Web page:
Most campsites have huts or cabins for hire these can sleep from 4 - 6 people depending on size. These can be hired by the night or at weekly rates and accommodation can vary depending on price, a one night stay in a 4 bed basic hut cost us 250DKr which for 4 persons is only a little bit more expensive than camping. We used this hut due to arriving late after a torrential day of rain and finding a flooded campsite!. We were lucky there was was one available that night as in high season they are nearly always booked up in advance. A basic hut usually will have bunk beds (you will need your own bedding/sleeping bags), table and a small stove, pans, plates, mugs and cutlery. There is no sink, toilet or running water and any ablutions are done using the normal campsite facilities. Most sites offer the more basic cabins but some sites have cabins that are much more spacious and luxurious with fitted kitchens, proper beds, TV etc. obviously the price increases pro rata.

Nature Camp Sites

According to the Danish Cyclist Federation nature camps have become extremely popular, apparently there are over 600 farmers throughout the country that offer camp sites at a very low cost, and the sites are for hikers and cyclists only.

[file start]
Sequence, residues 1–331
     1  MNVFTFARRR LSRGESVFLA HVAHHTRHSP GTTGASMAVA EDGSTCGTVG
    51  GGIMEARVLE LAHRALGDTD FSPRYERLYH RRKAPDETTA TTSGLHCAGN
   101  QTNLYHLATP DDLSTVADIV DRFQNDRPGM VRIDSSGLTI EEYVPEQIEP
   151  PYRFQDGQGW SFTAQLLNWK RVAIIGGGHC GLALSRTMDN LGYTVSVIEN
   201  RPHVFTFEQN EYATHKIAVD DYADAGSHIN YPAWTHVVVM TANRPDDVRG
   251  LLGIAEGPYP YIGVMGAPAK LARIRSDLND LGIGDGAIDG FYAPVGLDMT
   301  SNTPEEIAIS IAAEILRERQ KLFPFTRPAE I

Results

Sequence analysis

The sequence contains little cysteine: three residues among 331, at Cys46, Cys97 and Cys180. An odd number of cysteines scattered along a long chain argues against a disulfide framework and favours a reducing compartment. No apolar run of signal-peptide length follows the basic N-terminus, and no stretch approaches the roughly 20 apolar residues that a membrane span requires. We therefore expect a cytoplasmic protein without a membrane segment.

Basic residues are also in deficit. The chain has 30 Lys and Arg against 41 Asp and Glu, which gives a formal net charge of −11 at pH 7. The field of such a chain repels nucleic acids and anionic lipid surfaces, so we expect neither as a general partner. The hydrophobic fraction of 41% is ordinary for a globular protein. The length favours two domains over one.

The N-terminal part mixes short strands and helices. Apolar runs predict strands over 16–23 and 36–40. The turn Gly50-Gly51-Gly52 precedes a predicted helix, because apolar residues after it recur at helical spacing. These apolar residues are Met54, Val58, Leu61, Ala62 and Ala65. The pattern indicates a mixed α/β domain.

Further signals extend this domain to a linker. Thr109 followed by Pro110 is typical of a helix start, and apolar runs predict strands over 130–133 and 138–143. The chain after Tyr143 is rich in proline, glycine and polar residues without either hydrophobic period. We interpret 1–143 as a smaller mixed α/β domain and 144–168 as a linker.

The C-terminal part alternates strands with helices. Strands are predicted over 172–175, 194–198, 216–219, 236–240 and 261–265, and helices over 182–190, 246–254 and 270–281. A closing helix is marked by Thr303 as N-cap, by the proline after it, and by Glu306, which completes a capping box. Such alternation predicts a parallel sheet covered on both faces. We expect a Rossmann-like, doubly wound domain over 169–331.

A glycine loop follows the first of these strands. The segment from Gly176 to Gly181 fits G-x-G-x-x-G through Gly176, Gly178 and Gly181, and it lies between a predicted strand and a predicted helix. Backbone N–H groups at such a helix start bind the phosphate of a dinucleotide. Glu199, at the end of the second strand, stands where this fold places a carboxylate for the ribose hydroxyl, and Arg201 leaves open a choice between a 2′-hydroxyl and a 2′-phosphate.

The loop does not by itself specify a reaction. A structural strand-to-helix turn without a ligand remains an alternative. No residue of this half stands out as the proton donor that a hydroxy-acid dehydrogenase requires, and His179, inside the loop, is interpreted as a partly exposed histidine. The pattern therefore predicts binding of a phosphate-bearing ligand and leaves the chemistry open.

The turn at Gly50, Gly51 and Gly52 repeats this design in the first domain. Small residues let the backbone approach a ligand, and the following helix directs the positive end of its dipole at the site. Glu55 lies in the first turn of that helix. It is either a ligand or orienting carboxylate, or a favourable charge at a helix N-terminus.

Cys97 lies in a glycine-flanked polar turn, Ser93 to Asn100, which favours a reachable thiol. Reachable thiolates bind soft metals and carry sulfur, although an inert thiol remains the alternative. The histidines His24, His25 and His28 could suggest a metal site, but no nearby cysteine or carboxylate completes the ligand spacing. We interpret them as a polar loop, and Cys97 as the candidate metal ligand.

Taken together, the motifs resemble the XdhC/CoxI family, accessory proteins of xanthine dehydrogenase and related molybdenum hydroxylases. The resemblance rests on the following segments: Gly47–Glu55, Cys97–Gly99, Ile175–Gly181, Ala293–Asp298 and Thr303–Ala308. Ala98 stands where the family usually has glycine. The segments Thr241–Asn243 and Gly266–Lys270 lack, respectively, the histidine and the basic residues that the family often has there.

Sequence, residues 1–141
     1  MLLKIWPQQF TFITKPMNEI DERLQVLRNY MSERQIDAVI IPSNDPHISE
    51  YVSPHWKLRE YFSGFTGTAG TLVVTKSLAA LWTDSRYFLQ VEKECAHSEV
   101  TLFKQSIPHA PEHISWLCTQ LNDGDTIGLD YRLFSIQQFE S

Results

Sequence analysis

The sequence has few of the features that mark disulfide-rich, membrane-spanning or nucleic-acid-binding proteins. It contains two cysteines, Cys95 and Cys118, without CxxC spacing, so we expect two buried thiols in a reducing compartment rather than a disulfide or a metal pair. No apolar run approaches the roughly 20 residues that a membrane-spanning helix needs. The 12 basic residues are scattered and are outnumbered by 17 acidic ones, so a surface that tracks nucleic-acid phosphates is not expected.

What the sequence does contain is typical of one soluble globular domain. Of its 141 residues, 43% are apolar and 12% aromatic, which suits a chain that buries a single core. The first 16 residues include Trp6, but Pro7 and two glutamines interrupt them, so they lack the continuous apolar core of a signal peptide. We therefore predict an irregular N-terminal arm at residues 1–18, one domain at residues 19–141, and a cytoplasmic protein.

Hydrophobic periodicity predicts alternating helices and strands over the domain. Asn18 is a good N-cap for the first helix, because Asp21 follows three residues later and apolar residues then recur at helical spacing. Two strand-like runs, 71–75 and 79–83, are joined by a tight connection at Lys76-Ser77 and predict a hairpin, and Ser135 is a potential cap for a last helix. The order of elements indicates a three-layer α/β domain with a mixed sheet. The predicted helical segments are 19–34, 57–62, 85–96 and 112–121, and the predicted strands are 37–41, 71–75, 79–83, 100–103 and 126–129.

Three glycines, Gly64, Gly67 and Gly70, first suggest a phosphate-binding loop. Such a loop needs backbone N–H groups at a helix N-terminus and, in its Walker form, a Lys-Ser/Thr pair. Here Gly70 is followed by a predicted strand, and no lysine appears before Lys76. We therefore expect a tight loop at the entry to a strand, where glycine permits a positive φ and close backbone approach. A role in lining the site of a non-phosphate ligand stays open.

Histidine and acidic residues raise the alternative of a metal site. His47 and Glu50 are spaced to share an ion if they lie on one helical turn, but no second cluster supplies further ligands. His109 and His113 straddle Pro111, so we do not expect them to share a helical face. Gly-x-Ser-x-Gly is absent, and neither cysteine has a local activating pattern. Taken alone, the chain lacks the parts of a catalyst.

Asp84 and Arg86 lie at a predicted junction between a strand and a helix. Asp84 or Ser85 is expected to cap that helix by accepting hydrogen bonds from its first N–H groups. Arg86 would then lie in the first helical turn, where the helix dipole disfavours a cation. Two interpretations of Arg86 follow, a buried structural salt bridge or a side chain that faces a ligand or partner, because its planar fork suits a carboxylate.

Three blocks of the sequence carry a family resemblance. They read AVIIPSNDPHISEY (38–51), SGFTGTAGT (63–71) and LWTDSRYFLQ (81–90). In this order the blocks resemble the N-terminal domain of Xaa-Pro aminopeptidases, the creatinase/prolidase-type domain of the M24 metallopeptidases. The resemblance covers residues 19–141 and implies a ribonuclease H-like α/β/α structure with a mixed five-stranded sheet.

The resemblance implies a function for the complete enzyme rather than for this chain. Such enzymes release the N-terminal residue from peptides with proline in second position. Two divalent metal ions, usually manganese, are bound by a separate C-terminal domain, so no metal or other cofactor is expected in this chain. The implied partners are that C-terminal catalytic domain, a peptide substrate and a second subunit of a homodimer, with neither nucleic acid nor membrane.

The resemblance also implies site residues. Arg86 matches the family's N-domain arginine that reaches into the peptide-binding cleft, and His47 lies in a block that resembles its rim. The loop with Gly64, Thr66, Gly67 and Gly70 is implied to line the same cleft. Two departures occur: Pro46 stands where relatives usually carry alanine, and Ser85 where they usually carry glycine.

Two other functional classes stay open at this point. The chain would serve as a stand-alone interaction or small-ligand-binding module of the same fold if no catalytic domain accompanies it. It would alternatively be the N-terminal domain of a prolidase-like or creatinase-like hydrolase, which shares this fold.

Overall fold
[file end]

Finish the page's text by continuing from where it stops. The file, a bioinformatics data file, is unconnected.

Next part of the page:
The purpose of nature camps is to provide cyclists and hikers with new places to camp, where they will come in closer contact with nature. A book with addresses is available from the Danish Cyclist Federation

In Denmark there are also the 'Teldsplats' or 'Primitive overnatningspladser' these are basic bivouac sites, they are marked on the Danish tourist board cycling maps with a scout style tent icon rather than the wigwam style icon of the main campsites. They are usually off the road in small woods and generally have a hand pump for water, a fire place and an earth closet. Some even have sleeping huts as well. There are also some free bivouac sites (teltningsområder) around the country. These usually have very few or no facilities, there is some information on this Danish site Overnating i det fri.